Simon is a DPhil (PhD) student in the paediatric neuroimaging group of Oxford University, where he investigates the inference of pain and physiological instability using electrophysiology in newborn infants. His research is jointly funded by the EPSRC and Reckitt Benckiser. He is interested in the broad applications of machine learning to clinical care.
Previously he worked as a clinical scientist in the NHS, both in Leeds Teaching Hospitals and the NHS Orthotic Research & Locomotor Assessment Unit. As a clinical scientist he provided combined technical and clinical support to neurological and orthopaedic rehabilitation units, and designed new medical devices, software and clinical systems. He completed an integrated Masters (MEng) in Biomedical Engineering at the University of Sheffield and a Masters (MSc) in Clinical Science at King's College London. He is a Chartered Engineer and a registered Clinical Scientist in the UK.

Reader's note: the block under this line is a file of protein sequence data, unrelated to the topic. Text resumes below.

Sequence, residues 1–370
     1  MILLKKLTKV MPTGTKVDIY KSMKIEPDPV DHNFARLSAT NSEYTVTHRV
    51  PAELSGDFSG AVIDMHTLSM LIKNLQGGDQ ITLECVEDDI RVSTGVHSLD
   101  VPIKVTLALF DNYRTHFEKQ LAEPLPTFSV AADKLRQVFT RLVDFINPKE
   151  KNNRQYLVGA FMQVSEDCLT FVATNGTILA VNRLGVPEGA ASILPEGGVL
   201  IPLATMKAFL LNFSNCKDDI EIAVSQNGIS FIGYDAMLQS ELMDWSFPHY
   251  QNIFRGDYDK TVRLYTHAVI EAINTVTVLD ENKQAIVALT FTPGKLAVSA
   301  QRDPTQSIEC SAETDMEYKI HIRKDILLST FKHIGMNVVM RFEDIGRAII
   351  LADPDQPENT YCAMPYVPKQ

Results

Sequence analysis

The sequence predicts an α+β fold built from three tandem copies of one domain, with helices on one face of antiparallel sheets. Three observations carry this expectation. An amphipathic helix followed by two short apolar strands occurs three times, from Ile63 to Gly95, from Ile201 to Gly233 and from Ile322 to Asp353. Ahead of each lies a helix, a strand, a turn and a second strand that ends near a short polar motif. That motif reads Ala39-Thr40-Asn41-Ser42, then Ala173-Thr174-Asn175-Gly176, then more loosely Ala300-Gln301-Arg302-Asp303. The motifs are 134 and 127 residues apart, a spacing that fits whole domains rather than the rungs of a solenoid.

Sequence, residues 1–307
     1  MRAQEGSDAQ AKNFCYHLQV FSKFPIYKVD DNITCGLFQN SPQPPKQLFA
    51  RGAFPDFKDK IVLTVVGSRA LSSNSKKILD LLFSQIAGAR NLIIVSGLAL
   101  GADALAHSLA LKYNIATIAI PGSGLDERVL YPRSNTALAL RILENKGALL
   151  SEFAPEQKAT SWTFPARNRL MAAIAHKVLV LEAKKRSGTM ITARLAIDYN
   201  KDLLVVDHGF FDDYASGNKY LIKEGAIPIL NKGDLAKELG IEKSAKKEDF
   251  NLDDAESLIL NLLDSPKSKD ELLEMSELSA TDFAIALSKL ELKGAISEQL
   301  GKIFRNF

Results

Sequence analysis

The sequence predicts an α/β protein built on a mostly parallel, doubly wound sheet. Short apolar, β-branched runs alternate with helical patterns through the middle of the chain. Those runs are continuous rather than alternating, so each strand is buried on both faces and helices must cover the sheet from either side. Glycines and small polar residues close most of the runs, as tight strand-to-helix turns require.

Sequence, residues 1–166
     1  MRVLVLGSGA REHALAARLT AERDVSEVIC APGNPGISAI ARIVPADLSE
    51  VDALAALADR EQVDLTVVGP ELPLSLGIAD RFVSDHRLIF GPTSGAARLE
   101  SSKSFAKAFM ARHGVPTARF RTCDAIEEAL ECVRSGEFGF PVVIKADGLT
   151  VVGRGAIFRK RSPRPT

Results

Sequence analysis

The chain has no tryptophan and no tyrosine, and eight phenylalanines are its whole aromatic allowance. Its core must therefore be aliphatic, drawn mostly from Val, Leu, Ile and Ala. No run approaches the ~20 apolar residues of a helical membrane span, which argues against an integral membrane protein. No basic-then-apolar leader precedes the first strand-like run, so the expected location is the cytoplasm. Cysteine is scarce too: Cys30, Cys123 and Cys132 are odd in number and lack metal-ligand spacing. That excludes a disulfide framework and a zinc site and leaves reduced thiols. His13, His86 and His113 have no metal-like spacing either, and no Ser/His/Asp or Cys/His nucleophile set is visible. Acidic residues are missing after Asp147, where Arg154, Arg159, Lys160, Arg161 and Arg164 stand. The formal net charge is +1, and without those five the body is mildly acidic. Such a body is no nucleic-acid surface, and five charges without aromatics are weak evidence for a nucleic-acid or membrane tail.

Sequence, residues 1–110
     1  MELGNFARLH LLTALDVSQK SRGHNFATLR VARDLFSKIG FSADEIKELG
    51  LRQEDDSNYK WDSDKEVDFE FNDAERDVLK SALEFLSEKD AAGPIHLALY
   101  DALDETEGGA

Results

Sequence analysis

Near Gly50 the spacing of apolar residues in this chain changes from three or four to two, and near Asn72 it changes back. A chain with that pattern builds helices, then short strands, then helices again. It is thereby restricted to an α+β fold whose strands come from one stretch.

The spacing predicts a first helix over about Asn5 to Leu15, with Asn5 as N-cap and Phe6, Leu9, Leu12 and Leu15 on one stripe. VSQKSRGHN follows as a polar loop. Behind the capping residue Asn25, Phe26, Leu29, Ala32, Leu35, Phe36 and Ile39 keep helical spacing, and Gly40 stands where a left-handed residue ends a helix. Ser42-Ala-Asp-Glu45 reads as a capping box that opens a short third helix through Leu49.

Mechanical ventilation by endotracheal intubation is often required in preterm infants. Too little ventilation can result in respiratory distress and mortality. Too much ventilation also has risks as acute lung injury can be caused both by the mechanical forces of ventilation, and by the inflammation which follows. Balancing these risks is important, however it is clinically difficult to determine the optimum time to extubate (i.e. remove intubation from) an individual infant, with around 25% of extubated preterm infants requiring re-intubation within a short time-frame. This re-intubation is sometimes called "extubation failure", and can be distressing and harmful for infants. Predicting when extubation will fail could avoid this.
Simon is using time-series physiological data from newborn infants undergoing mechanical ventilation by endotracheal intubation, together with information from hospital notes on infant outcomes. This data will come from the MIMIC-III Waveforms database, a large dataset of physiological data and matched hospital notes data from patients admitted to ICU. This project will use a simple machine-learning model to classify infants according to likelihood of being in the group of infants who later suffer from extubation failure. This will provide a predictor of extubation failure from the vital signs of mechanically ventilated, preterm neonatal infants.